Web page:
Evidence Synthesis for Librarians and Information Specialists


Free to learners for a limited time, compliments of the Evidence Synthesis Institute and Institute of Museum and Library Services (IMLS)!

Learn about librarian and information specialist support of  evidence synthesis with this comprehensive course compiled by experts in the library sciences.  This course is for librarians, practitioners of library science, those working with research faculty and learners, or anyone wanting to understand the core components of evidence synthesis.


This course brings the core components of the Evidence Synthesis Institute to a self-paced open online course. It contains 15 modules guiding learners through the ES process from an introduction to review types through writing a methods section for publication, with an emphasis on developing and using systematic search strategies. Development of this course was funded by a grant from the Institute of Museum and Library Services (IMLS) (RE-246347-OLS-20).

What learners will learn

By the time they finish this course, learners will learn or be able to:

  • Describe the different types of evidence synthesis methods and guide scholars in choosing appropriate methods for their synthesis research question
  • Construct and document reproducible search strategies for systematic and scoping reviews, including source selection and grey literature approaches.
  • Guide scholars to guidelines and standards for evidence synthesis.
  • Use tools like citation manager and screening software to support evidence synthesis projects.

Learning objectives by module

Module 0 – Welcome – What to Expect


Module 1 – Introduction to Evidence Synthesis

  • Define evidence synthesis.
  • Understand the value of evidence synthesis across the disciplines.


Module 2 – Exploring Different Review Methodologies

  • Define different types of evidence synthesis methods including systematic review, meta-analysis, scoping reviews, systematic maps and rapid reviews.
  • Compare and contrast scoping and systematic reviews and describe the contexts in which these methods would be applied.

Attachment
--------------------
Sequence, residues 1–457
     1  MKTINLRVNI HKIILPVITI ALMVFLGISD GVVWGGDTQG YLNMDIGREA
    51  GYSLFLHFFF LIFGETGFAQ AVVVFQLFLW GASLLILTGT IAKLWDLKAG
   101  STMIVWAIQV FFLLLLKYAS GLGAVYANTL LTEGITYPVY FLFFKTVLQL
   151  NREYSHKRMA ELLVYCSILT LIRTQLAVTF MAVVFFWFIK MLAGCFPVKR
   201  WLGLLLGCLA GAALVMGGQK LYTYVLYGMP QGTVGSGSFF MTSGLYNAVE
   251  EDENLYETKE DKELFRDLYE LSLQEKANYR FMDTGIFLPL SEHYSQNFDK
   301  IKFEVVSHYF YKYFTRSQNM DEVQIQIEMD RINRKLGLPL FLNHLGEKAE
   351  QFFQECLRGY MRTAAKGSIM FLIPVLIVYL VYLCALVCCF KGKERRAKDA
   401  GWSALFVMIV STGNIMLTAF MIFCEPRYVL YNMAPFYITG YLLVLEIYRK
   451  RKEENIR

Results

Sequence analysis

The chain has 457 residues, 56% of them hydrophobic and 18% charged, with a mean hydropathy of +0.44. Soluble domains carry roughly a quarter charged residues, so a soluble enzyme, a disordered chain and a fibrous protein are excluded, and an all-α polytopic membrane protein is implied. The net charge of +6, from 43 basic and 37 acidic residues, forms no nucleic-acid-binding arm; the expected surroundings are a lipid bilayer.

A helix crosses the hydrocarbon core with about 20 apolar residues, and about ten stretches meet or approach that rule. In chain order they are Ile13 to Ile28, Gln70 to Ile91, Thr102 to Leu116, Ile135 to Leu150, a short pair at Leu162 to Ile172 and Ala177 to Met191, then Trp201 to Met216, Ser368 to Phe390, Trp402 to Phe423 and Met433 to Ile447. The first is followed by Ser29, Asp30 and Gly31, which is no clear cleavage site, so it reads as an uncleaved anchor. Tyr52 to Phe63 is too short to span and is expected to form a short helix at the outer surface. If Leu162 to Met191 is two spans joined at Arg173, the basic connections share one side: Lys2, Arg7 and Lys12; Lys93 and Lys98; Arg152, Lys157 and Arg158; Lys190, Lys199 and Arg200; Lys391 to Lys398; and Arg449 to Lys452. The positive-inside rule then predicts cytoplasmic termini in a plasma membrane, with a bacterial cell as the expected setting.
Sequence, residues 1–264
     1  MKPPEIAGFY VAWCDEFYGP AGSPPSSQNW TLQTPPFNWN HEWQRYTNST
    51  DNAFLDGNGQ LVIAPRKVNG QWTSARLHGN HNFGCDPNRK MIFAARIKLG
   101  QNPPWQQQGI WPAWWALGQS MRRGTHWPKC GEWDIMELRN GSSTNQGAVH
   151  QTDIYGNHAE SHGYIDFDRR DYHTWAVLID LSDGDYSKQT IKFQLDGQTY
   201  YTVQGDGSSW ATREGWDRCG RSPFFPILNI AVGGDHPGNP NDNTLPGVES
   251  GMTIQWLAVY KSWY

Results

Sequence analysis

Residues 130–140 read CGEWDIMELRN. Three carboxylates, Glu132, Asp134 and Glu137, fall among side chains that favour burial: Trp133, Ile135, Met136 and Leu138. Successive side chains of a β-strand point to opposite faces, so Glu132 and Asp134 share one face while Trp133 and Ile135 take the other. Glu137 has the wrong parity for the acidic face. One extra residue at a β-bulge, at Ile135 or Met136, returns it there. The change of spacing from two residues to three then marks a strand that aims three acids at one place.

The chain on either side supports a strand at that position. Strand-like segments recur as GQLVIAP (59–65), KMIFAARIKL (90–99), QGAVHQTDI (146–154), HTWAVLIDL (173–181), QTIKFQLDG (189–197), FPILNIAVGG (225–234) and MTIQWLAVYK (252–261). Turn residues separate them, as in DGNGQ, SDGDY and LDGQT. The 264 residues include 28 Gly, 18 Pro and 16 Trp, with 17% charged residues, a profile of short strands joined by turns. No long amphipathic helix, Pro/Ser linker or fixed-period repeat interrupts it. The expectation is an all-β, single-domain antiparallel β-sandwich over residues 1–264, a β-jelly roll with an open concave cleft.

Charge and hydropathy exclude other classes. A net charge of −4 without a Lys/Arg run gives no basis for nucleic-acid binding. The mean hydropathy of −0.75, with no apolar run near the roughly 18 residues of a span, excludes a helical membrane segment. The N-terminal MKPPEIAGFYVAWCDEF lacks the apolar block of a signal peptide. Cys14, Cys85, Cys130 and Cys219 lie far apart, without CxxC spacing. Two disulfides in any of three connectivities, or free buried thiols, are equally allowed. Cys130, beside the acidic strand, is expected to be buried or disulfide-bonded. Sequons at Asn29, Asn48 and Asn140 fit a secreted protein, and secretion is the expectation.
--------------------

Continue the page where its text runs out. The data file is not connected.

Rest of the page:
Module 3 – Reproducibility, transparent methods, and pre-registration

  • Define reproducibility
  • Define replicability


Module 4 – Evidence synthesis steps and librarians as co-investigators

  • Identify the high-level steps of evidence synthesis.
  • Describe the role of librarian in supporting systematic reviews.


Module 5 – Systematic review guidelines / checklists / reporting standards

  • Compare and contrast the difference between reporting and conducting guidelines.
  • Locate reporting and conducting guidelines 


Module 6 – Introduction to protocols and protocol registration (ZP)

  • Describe the rationale for public registration of a protocol
  • Describe the elements of a protocol
  • Select a suitable registry (repository) for an ES protocol

Module 7 – Formulating a research question

  • Define the Goldilocks principle.
  • Define the Russian Doll Principle.
  • Apply the Goldilocks principle, russian doll principle to create appropriately scoped questions.


Module 8 – Frameworks (Eg., PICO) and eligibility criteria

  • Define PICO & other research frameworks in order to create focussed research questions &  effective search strategies
  • Define inclusion and exclusion criteria in order to


Module 9 – Reference Interview

  • List an initial set of prompt questions that would be useful in a reference interview for an evidence synthesis project
    • Compare and contrast prompt questions you would use in an evidence synthesis reference interview versus a traditional reference interview.  
    • Identify the institutional/contextual factors that influence an evidence synthesis reference interviews.
    • Describe how disciplinary differences might influence an evidence synthesis reference interviews.